On July 4, 2016, it was hard for me to feel like I wasn’t exactly where I was meant to be in life: After enduring two major back surgeries since my first child’s birth, I finally felt healthy and strong as I hiked with my husband, 4-year-old son and 2-year-old daughter in the beautiful southwest corner of Colorado.

Then I felt the lump.

I noticed the hard, grape-sized formation while absentmindedly itching the bottom of my right breast. With intimate knowledge of how my breasts felt from my not-so-distant memories of nursing and pumping, I instantly knew something wasn’t right.

After a thorough self-exam and confirmation from my husband that the lump seemed atypical, I tried to go to sleep as fireworks burst outside the window and a series of worse case scenarios burst inside my mind.

At the age of 28, my paternal grandmother was diagnosed with breast cancer that turned metastatic and proved fatal within 10 years. At 35, was I now walking that same path?

Breast cancer. Breast cancer. Breast cancer.

Until I was able to see my doctor two days later, I tried to take my mind off it. The habits of my energetic children, which I had seen as exhausting the day before, were now welcome distractions.

My husband allowed me to lead the conversation with however much or little talk I wanted. Friends offered reassurance—could it simply be a hormonal cyst related to my cycle?

Even the physician’s assistant I initially saw and the radiologist I followed up with for a mammogram and ultrasound were optimistic: Among people diagnosed with breast cancer, only 7% are younger than 40.

As I later learned, that occasionally has its downsides when it comes to reactions from health care professionals; for two new moms I met who had breast cancer, their cases were misdiagnosed as clogged ducts or mastitis and the women were dismissed before follow-up exams with instructions to take Tylenol or antibiotics. It was only because they advocated for themselves and insisted on second opinions that their cancer was detected.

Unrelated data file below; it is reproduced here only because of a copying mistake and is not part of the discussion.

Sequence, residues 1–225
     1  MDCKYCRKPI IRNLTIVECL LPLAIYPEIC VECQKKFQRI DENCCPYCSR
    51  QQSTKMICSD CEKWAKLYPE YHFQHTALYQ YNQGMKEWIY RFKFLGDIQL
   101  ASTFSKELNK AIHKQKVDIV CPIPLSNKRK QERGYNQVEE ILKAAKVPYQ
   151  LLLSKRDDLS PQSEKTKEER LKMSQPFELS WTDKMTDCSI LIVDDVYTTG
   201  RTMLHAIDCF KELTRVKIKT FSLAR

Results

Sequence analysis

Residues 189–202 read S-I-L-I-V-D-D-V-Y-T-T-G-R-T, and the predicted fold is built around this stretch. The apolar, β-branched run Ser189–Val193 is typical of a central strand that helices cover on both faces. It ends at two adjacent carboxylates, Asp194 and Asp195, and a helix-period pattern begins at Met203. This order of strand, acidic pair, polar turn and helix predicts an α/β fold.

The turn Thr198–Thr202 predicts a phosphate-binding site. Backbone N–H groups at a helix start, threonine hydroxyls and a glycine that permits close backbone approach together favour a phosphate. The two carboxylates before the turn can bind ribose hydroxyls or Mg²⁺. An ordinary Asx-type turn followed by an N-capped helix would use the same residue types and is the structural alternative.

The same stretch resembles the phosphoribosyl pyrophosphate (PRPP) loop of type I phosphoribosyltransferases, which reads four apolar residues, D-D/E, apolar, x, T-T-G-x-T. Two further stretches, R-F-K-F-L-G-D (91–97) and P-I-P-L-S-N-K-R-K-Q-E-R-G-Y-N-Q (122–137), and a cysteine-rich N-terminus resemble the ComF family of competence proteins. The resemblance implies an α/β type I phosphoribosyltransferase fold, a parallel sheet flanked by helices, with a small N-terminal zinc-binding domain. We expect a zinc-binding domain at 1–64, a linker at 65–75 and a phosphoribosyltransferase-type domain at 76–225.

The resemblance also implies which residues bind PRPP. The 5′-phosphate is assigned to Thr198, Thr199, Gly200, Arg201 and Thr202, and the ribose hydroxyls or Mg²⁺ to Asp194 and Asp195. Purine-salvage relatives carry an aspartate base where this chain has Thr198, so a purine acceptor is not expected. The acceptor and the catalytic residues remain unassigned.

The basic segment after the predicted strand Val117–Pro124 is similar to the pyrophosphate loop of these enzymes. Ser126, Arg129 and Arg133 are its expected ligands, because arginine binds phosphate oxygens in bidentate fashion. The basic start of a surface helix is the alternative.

For me, the lump and my family history were enough to convince my doctor to fully investigate.

My first meeting with the physician’s assistant led to a mammogram and and chest ultrasound. After a biopsy, my worst fears were confirmed.

Breast cancer. Breast cancer. Breast cancer.

The conversation immediately turned to options for treatment. My doctor estimated my case was Stage 2, which meant I could consider a lumpectomy, single mastectomy or double mastectomy.

But I wanted it gone—not just to give me as much peace of mind now as possible, but also to save me from the anxiety I knew I would experience before the recommended biannual MRIs if I opted to keep any of my breast tissue.

From there, the decisions fell into place with mechanical efficiency: I would get the double mastectomy followed by 16 rounds of chemotherapy and ultimately a hysterectomy.

Much more draining were the thoughts of how this would affect my children—both in the short-term and long-term.

Thankfully, a genetic panel confirmed I don’t have the BRCA1 or BRCA2 mutations linked to breast and ovarian cancer. But with oncological genetic tests still in their relative infancy, there’s no guarantee I didn’t pass other genes that raise the risks for developing cancer to either of my children.